The rules . . . for determining the amount of a charitable contribution deduction in the case of gifts of remainder interests in trust do not necessarily have any relation to the value of the benefit which the charity receives. This is because the trust assets may be invested in a manner so as to maximize the income interest with the result that there is little relation between the interest assumptions used in calculating present values and the amount received by the charity. For example, the trust corpus can be invested in high-income, high-risk assets. This enhances the value of the income interest but decreases the value of the charity's remainder interest.
H.R. Rep. No. 91-413, 91st Cong., 1st Sess., pt. 1, at 58, reprinted in 1969 U.S. Code Cong. & Ad. News. 1645, 1704.
To correct the abuses, § 2055(e) (2) provides that charitable remainder bequests will qualify for a deduction only if they are in the form of one of the three permissible forms of split-interest transfers specifically defined in the trust sections of the Internal Revenue Code.
In this case, the bequests to charity under the trust in Strock's will were not in any of these three permissible forms, either at the time the will was probated or after its modification pursuant to the Stipulation of Settlement and Order of Court. It is the defendant's contention that § 2055(e) (3) provides the only means by which any non-deductible bequest of a remainder interest to charity can be "saved." The government argues that since the Strock will originally contained a non-deductible split-interest trust, a charitable deduction could only be obtained by amending the trust to one of the trust forms outlined in § 2055(d) (2(A). As no such amendment occurred, the government concludes that no deduction can be permitted.
Plaintiffs urge us to disregard § 2055(e) because the Stipulation of Settlement entered into by the parties removed any split-interest transfer from the will and caused the charitable interest to pass directly to the charities. As such, plaintiffs argue that § 2055(a) governs this case and provides a deduction for these direct transfers to charity. As the charities involved are qualifying organizations, Stip. para. 15, application of § 2055(a) would provide a charitable deduction. To this end, plaintiffs direct our attention to several decisions where § 2055(e) was found not applicable, and deductions were allowed for direct charitable bequests, notwithstanding the fact that non-deductible split-interest trusts originally existed.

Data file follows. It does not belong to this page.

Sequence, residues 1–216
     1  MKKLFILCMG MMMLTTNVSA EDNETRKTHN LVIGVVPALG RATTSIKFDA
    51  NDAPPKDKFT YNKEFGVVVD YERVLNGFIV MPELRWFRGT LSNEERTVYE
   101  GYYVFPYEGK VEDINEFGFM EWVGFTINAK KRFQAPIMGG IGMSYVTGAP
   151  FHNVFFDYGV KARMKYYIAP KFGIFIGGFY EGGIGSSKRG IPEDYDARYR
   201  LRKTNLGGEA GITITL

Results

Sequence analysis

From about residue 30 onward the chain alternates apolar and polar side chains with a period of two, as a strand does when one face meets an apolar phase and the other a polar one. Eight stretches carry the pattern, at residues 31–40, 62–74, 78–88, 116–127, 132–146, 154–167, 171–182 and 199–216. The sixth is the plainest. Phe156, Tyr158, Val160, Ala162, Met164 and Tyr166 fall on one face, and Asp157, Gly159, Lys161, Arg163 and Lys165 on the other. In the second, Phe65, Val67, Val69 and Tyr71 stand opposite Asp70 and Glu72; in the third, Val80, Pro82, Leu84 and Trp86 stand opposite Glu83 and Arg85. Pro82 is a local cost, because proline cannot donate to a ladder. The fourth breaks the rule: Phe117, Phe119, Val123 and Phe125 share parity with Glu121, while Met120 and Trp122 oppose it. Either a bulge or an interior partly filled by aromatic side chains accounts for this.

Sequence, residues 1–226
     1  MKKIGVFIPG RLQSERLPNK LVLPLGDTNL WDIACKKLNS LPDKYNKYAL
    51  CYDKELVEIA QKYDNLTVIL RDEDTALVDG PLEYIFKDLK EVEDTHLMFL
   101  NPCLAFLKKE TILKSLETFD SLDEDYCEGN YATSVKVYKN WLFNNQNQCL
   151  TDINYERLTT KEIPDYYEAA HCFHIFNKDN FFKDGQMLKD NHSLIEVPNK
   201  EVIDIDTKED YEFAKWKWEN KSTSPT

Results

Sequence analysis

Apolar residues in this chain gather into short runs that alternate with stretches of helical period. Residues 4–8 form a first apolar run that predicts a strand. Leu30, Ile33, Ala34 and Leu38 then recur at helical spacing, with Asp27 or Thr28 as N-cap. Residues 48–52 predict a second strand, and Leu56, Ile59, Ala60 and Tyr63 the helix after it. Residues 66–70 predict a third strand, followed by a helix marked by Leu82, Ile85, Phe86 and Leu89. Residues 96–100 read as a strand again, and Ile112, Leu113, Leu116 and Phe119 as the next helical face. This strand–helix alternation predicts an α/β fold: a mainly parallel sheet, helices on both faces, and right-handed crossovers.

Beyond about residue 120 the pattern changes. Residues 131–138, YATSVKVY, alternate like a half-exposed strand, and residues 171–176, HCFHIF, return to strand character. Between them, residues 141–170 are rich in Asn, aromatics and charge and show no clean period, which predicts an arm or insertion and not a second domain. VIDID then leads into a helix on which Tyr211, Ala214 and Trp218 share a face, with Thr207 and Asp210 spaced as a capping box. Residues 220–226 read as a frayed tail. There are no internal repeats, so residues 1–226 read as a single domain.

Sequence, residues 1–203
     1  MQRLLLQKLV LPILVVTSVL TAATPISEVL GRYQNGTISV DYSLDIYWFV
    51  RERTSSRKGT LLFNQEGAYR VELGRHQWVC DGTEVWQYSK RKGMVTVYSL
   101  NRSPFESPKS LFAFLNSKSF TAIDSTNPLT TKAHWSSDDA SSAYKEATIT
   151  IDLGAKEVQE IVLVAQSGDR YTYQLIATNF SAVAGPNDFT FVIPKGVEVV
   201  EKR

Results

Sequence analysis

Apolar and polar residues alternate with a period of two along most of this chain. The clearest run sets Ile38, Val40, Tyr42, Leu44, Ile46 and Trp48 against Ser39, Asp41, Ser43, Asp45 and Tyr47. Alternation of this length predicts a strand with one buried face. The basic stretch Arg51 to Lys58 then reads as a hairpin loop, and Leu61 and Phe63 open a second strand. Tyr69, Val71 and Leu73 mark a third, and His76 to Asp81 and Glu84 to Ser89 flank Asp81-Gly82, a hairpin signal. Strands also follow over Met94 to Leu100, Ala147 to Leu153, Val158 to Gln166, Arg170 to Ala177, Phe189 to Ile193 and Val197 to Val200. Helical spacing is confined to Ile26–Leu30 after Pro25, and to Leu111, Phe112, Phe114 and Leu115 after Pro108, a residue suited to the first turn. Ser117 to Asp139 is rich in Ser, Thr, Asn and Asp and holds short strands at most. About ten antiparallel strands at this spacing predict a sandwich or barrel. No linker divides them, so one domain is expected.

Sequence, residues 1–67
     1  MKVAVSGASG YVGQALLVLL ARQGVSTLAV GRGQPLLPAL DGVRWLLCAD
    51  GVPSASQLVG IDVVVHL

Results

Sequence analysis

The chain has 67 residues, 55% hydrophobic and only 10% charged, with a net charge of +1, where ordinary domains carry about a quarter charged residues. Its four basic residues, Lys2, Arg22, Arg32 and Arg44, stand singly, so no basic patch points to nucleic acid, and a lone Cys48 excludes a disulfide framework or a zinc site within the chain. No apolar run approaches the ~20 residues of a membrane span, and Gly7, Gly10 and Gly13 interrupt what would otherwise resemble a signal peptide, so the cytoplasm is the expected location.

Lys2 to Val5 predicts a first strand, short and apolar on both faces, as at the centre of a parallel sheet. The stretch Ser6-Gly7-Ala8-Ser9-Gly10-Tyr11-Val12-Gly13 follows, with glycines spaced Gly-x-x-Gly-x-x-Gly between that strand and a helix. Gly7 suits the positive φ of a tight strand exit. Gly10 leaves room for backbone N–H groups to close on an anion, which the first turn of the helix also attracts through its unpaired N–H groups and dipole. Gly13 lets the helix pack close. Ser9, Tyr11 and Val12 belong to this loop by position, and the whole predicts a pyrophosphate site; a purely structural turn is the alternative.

In Northern Trust Co. v. United States, 41 A.F.T.R.2d (P-H) 78-1523 (N.D. Ill. 1977), a will had been probated which contained split-interest trusts. A subsequent will contest resulted in a settlement agreement and related judgment order pursuant to which the life beneficiaries under the split-interest trust received payments in lieu of life estates, and the remainder of the trust was distributed directly to several named charities.
The district court in Northern Trust, also faced with a conflict between § 2055(a) and § 2055(e), held as follows:
The amount received by the charities pursuant to the settlement agreement passed by inheritance from the testator. Thus there is no intervening charitable interest; and the amount taken outright by the charities pursuant to the settlement should qualify for a deduction under Section 2055(a). The settlement did not create an interest split between charitable and non-charitable beneficiaries. Rather, each party took separately and directly under the agreement. Section 2055(e), which establishes special requirements for remainder interest passing from a decedent first to a non-charitable beneficiary, is inapplicable. (Citations omitted)